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KGS Home > Fossils > Invertebrate Fossils > Echinodermata
Crinoidea

Crinoids are known as sea lilies because they live on a stem and have a flower-like body. They are analogous to starfish with a stem. Although still existing but uncommon in the oceans today, they were very abundant in shallow tropical seas during the Paleozoic. Some Mississippian rocks contain so many broken-up fossil crinoids that the Mississippian became known as the Age of Crinoids. The most common crinoid fossils are the individual button-like plates that made up the stem. Crinoid fossils can be found in the Ordovician, Silurian, Devonian, Mississippian, and Pennsylvanian rocks of Kentucky.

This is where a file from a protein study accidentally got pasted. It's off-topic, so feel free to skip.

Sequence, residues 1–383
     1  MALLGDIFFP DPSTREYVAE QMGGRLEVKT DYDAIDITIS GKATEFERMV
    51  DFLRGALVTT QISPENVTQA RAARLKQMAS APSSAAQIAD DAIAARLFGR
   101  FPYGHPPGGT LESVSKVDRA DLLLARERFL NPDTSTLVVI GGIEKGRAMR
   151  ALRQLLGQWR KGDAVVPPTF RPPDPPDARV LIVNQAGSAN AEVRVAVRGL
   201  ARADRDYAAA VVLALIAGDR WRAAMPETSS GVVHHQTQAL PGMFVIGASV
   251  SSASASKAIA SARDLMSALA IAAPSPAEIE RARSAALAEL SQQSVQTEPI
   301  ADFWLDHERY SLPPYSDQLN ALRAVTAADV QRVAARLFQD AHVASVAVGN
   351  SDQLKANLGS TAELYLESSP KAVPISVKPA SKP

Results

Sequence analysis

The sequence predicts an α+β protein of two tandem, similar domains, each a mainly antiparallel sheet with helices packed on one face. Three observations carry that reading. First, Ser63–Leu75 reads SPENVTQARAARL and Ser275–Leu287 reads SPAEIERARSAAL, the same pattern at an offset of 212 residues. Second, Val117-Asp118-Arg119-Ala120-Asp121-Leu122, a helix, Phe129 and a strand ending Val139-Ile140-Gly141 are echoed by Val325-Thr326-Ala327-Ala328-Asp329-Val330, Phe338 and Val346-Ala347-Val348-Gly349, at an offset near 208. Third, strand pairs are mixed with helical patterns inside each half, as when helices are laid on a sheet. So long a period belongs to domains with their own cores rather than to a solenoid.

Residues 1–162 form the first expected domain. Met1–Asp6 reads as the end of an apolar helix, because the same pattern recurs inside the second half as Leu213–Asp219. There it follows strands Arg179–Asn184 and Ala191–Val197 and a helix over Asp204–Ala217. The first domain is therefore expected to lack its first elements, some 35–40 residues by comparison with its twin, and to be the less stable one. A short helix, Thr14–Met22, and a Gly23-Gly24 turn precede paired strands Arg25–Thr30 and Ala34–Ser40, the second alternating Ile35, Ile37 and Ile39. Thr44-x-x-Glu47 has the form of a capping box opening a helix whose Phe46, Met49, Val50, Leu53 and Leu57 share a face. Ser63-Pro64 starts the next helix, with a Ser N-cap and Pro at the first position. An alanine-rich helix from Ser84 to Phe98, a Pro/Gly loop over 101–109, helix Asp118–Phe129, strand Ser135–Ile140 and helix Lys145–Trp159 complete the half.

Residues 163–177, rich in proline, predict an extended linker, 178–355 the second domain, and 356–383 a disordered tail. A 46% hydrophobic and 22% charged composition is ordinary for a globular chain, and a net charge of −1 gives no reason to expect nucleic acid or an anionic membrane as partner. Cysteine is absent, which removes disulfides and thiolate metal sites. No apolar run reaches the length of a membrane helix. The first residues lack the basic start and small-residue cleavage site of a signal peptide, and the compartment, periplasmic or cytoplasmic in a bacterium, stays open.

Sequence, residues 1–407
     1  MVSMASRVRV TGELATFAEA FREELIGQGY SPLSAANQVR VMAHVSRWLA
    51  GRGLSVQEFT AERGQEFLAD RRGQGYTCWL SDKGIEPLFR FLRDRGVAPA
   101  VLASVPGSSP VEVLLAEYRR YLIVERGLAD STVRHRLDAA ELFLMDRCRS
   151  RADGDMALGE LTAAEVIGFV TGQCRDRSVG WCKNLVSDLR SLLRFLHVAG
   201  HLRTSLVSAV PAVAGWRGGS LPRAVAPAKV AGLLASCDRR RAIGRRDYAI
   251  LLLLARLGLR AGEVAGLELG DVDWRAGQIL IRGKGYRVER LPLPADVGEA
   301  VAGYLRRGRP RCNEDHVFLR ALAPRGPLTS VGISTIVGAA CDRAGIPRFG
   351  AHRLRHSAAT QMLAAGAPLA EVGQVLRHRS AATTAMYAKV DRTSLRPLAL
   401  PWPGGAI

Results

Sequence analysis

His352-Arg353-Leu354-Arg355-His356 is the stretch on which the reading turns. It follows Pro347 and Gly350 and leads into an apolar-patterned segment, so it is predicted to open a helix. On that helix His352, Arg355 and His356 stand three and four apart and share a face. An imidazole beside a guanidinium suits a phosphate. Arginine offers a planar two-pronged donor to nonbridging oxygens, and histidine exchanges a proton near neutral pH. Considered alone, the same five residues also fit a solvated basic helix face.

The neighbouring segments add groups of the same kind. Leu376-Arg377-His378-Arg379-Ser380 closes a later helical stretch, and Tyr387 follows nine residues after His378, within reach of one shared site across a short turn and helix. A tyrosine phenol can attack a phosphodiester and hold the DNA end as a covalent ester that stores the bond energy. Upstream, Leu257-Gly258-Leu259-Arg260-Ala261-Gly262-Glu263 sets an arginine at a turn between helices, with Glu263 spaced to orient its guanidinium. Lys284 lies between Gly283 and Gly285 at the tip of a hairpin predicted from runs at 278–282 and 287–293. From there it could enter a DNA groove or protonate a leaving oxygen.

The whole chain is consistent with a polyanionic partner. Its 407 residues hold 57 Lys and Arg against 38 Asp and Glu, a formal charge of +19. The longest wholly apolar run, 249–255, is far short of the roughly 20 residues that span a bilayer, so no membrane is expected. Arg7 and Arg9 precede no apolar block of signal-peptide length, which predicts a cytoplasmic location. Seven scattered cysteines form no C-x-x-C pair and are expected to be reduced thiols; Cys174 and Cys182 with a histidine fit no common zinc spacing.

The Mississippian crinoid Taxocrinus

Pterotocrinus from the Mississippian of Kentucky. The five large projections are spines that protected the crinoid from being eaten by fish. The smaller projections were arms that helped gather food particles floating in the water. The column would have been attached to the small circular scar at the center of the photo.

Coiled crinoid stem from Mississippian strata of south-central Kentucky. This may be Gilbertsocrinus according to Alan Goldstein.

Typical slab showing abundant crinoid columnals. The column is made up of hundreds of these columnal plates.

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